My fondest memory of lightening occurred a few year back as an operator
at N0NI during field day. we were class 3 or 4 E. My operating position
was a table just inside the entrance to a Morton (steel building) with
the door wide open. A storm came up and I saw a bolt of lightening, up
close it looked like a silver ball that shot down from a low cloud then
went horizontally about 50 feet away from me and finally into the ground.
Lightening must be very stupid as it could have gone to any one of 8 or
9 towers ranging up to 150 ft + tall.
On Wed, 7 Aug 2002 11:30:32 -0400 "Larry" <email@example.com> writes:
> Back in the early 50's my parents had a 50ft telescoping mast up on
> the crest of a hill about 500ft from the house. This was the only
> way for TV back then(southerntier of western new york) We had a very
> large all channel TV antenna, came down the mast with 300 ohm twin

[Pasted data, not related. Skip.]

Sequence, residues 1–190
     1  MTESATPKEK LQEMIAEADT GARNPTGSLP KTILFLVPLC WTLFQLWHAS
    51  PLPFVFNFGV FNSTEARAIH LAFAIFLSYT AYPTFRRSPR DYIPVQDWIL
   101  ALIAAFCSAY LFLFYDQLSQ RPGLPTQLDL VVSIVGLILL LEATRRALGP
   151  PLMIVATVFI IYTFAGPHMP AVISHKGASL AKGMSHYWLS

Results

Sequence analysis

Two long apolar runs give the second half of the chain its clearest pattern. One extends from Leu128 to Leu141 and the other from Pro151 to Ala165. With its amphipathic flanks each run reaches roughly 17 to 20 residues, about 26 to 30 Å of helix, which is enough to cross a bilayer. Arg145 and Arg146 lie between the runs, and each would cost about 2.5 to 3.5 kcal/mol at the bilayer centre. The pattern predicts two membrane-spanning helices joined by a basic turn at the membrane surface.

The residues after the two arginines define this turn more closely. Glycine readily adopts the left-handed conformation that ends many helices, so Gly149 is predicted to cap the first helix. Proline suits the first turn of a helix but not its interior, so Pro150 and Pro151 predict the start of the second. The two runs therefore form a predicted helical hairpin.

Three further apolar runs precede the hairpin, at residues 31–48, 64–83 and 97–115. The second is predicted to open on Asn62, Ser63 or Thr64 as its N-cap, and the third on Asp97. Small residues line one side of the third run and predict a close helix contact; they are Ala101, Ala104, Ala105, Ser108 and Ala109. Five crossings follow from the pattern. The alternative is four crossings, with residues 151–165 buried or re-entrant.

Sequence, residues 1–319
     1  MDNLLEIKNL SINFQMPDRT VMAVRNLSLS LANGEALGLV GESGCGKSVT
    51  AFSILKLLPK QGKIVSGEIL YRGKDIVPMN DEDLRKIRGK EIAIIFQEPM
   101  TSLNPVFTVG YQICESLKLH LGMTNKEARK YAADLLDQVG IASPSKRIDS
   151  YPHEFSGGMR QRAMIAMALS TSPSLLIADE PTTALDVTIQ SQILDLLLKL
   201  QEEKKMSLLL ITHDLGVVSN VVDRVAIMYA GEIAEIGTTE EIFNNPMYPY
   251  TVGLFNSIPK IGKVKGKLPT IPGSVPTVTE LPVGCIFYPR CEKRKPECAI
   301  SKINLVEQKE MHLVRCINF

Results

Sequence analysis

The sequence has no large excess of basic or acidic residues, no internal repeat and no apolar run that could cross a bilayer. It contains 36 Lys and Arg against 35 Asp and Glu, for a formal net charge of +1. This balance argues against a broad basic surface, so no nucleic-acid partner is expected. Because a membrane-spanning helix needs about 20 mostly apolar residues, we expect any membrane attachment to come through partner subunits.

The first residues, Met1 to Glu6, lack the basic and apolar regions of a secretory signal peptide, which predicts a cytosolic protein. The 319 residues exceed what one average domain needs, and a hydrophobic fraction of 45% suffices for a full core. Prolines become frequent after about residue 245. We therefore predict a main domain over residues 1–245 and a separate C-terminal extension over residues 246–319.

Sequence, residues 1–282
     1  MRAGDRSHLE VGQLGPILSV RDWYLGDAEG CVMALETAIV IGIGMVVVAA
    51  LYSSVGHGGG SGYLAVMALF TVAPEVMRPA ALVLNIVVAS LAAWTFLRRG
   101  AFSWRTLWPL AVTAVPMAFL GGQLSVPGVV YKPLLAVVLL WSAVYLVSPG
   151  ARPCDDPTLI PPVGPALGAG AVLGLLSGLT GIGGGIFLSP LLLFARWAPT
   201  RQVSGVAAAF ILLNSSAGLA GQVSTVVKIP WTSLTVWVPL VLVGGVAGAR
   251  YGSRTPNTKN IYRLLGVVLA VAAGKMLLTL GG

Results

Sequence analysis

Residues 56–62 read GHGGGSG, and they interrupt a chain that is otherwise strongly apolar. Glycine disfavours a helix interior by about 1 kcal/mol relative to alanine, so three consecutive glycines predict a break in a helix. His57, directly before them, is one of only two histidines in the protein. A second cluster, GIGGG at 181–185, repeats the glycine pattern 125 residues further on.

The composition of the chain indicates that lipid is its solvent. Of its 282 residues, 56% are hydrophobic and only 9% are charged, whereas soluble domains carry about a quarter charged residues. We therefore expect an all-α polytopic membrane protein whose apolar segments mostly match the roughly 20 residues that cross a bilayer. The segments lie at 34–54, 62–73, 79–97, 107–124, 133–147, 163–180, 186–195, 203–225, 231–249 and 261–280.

> lead to a Blond Tounger(spelling) tube type preamp and went to 300
> ohm open line(it had clear plastic spacers about every 1ft) all the
> way to the house to the power supply for the preamp then to a block
> that was for twin lead lightning protection. The house had lightning
> rods(aluminum) and interconnecting aluminum braided wire about the
> size of you thumb, it also had two things that were about the size
> of a very large soup can filled with something that expanded when
> lightning struck(which was quit often).
> Well the antenna took a direct hit and vaporized the twinlead down
> the mast and blew out the preamp, most of the wire in the open wire
> was intact but the spacers melted and slid down the hill, it formed
> a ball of plastic about the size of a basketball at the window where
> it went into the house. That was quite the sight. It never effected
> the TV. The arrestor that was at the window was tied into the
> lightning rod grounds. My mother still lives there and the lightning
> rods are still there.
> Larry WA2SRY
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